Today was disappointing in terms of my own time management and preparedness: for some reason, going over the plagiarism information took much longer than usual, so we had no time to do the little exercises (which I actually find fun) and barely had time to talk about the reading for today. I was proud of myself for remembering to go over the handbook review homework, however: if they're going to do the homework, we should talk about it.
But the bigger disappointment was that I didn't have anything to return to the 5:30 class: no reading notes, no handbook reviews, nothing. And especially in terms of the notes, that's not good. They really need to see feedback on their own individual notes in order to start to get the idea that what I say to the class actually applies to them as individuals. And as I want their work to improve, it's especially important that I get feedback to them, so they can start applying it, so there is a chance for that improvement to happen.
Of course, the irony is that the first handbook review that they did included the comment that you haven't truly learned anything until you can apply it, and then went on to talk at some length about what notes need to contain, how they work, what they're for ... and students still didn't get it. They noted that comment in their handbook reviews, but they sure didn't apply what they'd learned, which indicates they haven't truly learned it.
That's one reason I'm going to have them re-read those same chapters after we finish the first essay. (The other reason is that, across the board, students in the 102s last semester said they didn't retain any of the information from that particular guide to apply to their later writing.) But the re-review will only be valuable if they have my comments on their own work to compare to what they're being instructed to do.
I hate it when I get this behind on assignment marking, but simply didn't have time. P&B ran way long--and we didn't get as much done as we needed to. (Poor Bob was clearly losing his mind at how long we were taking with everything--and he's right that we need to hustle things along--but we're also being quite meticulous, which I suppose is a good thing. We have given him carte blanche to be the "let's move it along" person, however: we need someone riding herd on us.) And somehow, both yesterday and today, it took me much longer than usual to just get out of the house, so I didn't have as much time before classes as I'd hoped.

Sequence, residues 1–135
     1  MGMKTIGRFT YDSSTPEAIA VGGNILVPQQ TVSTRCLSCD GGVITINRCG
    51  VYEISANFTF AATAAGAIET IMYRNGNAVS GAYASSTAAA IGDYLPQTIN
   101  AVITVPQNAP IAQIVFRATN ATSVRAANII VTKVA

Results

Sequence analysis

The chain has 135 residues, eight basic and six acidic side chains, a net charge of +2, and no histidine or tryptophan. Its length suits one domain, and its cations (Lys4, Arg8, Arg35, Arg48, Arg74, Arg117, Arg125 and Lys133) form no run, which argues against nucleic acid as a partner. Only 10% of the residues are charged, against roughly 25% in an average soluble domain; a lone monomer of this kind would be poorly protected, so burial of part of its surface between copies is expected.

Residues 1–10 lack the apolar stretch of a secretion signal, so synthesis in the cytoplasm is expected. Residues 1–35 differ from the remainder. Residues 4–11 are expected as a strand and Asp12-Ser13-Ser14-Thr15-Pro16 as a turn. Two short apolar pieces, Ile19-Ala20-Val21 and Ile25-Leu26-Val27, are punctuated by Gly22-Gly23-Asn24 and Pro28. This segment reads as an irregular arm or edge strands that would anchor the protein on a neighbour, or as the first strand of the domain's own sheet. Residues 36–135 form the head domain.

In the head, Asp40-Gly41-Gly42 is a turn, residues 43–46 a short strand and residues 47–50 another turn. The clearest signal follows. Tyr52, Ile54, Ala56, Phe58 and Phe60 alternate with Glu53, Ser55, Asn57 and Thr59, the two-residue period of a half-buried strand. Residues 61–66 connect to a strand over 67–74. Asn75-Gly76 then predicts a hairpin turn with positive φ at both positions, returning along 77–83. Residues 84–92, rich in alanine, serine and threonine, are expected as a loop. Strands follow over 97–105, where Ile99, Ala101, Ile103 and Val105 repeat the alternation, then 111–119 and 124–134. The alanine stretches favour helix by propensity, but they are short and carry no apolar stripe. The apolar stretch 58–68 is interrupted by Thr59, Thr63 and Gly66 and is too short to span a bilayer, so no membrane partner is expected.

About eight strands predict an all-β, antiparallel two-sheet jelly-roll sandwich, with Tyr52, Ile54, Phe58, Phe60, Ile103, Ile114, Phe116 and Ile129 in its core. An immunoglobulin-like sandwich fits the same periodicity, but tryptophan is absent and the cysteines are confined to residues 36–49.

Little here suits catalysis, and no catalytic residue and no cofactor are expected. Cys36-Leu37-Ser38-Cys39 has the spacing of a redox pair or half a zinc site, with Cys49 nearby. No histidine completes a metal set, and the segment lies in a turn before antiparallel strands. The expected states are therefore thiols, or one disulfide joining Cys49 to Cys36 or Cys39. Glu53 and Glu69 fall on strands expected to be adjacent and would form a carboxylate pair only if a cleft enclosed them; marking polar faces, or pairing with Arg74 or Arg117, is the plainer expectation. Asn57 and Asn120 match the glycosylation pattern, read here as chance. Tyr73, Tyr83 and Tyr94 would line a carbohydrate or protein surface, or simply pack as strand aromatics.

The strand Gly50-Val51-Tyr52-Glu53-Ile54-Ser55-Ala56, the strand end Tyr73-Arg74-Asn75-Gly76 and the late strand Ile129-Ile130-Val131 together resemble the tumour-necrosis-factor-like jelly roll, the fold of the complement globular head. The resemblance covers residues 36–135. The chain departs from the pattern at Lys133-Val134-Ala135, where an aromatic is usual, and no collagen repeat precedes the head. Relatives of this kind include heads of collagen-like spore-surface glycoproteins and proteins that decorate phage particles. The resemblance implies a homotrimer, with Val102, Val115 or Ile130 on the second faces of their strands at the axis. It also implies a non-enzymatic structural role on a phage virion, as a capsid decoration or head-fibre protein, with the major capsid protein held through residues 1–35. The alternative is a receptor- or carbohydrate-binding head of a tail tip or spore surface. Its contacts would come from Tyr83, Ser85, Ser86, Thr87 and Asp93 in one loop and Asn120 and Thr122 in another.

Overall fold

Speaking of P&B, I'm so far behind on that work that I'm going to come in on Friday to review promotion applications--because otherwise, I don't know when I'd find the time, and we need to get feedback to the applicants as rapidly as possible so they have a chance to address the concerns.
I also am meeting next week with the VP for distance education to go over my Distance Education Equivalency (DEE) application for Nature in Lit, to see if it's ready to send along to the college-wide curriculum committee for approval (I hope I hope). I got some very helpful feedback from my DEE mentor--and now I have to apply it to my work.
(How many variations on the words "apply," "application," and "applicant" can we get in one post, and in how many different contexts?)
I am becoming increasingly alarmed by how tired, cranky and behind I am--which I know is a vicious cycle. I am in desperate need of a good, clear re-framing, and I'm struggling to find one. I know I can do it; it's just proving surprisingly difficult to do.
One positive note: I got an e-mail today from one of the students in last semester's SF class, pointing out an article in National Geographic about a genetic splice between pig and human tissues. His subject line was "Oryx and Crake," and the sum total of his message was something along the lines of "All we're missing is Painball"--which is brilliantly funny and apt. I'm delighted that he is still thinking about the novel, finding those "real world" (or maybe surreal world) connections.
Another positive note: I thought I had lost one of the students in the 5:30 102 who is showing the most potential. She was there--and surprised that I'd gotten notification that she was disenrolled. It looks like there was a SNAFU with her tuition payment, so I've just written to the Registrar, hoping to help get things sorted out. I'm very glad not to have lost her; I do think she's going to be one of a handful of bright lights in that class.
I realize, too, that I have to switch off any further "I have to" thoughts and simply take care of a teeny bit of life maintenance on my way home--leaving tomorrow to be another day. Tomorrow and tomorrow and tomorrow. The sun'll come out tomorrow. Kiss today goodbye. There will be time, there will be time.... and I'll think about that tomorrow, when I'm stronger.